7 Secrets to Building a Healthy Law Firm Office Culture

A healthy law firm culture makes a law firm the best version of itself. The strength and quality of that culture helps it adapt to change and continue operating during periods of uncertainty—a pandemic, for example.

Healthy law firm culture is a big deal, not only for surviving turbulent times but because it can get law firm staff to buy into the firm’s mission and weave together a stabilizing sense of community.

But everyone has a different idea about what culture is, what constitutes good culture, and how to create culture that has staying power. What’s the answer?

Spoiler alert: It’s not free pizza lunches and casual Fridays.

Those perks were compelling back when fax machines were state of the art, but a 21st century law firm sets the bar much higher. Building a healthy culture in the present tense requires a more holistic perspective on people and purpose; they are secrets hiding in plain sight.

Here’s how to find them.

What is law firm culture?

What is law firm culture?

Before we begin the search for a healthy culture, it’s important to know what the destination looks like. Law firm culture is a dynamic process that changes over time, and what was ideal 10 years ago—before remote work and artificial intelligence swept through the door—may not stand up today.

Douglas Richmond, J.D., Senior Vice President at Lockton Companies, LLC, defines it this way:

“…the system of beliefs that members share about the goals and
values that are important to them and about the behavior that is
appropriate to attain those goals and live those values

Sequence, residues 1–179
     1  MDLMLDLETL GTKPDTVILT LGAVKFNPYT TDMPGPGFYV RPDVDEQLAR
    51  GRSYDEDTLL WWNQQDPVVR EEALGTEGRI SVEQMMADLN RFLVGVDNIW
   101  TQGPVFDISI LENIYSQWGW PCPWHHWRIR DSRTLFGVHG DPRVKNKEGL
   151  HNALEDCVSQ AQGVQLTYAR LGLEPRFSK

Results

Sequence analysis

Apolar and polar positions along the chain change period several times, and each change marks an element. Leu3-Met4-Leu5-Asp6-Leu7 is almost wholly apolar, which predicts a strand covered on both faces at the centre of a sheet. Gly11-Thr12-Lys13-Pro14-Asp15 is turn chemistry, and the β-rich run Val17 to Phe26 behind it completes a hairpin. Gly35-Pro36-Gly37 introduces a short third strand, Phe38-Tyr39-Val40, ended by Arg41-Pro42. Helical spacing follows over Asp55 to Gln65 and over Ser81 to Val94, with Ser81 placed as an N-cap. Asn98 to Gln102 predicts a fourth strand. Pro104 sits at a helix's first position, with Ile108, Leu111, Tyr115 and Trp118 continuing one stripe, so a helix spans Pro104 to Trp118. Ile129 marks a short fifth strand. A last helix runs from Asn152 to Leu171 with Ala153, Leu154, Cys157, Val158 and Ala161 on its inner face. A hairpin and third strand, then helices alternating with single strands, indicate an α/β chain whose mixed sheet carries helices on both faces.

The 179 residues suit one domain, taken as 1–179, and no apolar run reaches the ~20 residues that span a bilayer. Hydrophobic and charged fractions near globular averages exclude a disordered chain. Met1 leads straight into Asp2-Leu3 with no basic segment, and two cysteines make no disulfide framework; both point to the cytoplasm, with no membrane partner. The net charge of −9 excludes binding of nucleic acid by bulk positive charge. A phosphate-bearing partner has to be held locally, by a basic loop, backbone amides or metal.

How does that definition manifest among law firms in the real world?

For insight, here’s a sample of the culture among three top law firms recognized for their superior culture, according to career intelligence platform, Vault.

O’Melveny & Myers LLPWith 10 offices in the United States, O’Melveny & Myers reportedly offers a culture that has made it a leader in diversity. The firm emphasizes wellness and prioritizes associate development.
Clifford Chance US LLPMultinational Clifford Chance LLP has developed a culture described as “…a real team attitude”. Summer outings, happy hours, and holiday parties are common in addition to celebrations for Black History Month and Pride.
Morgan, Lewis, & Bockius, LLPBiglaw that strives to “give back”. Morgan, Lewis & Brockius LLP require 20 hours of pro bono work for bonus eligibility. The company reportedly works to attract team members who seek a non-hierarchical culture with ample transparency.

Granted, these are all Biglaw firms that approach culture with Biglaw resources. What these top firms know about the importance of office culture, however, is no different from what law firms of every size know, and is backed up by research:

An organization’s culture significantly impacts an employee’s happiness.

As it turns out, what makes legal professionals who work at law firms happy isn’t much different from workers in any industry: non-judgmental colleagues, supportive leaders, good communication, shared values, and professional development.

Looks good on paper, but how do you create a great culture if you don’t already have one?

We’ll let you in on a little secret. Seven of them, actually.

How to Build a Better Company Culture

How to Build a Better Company Culture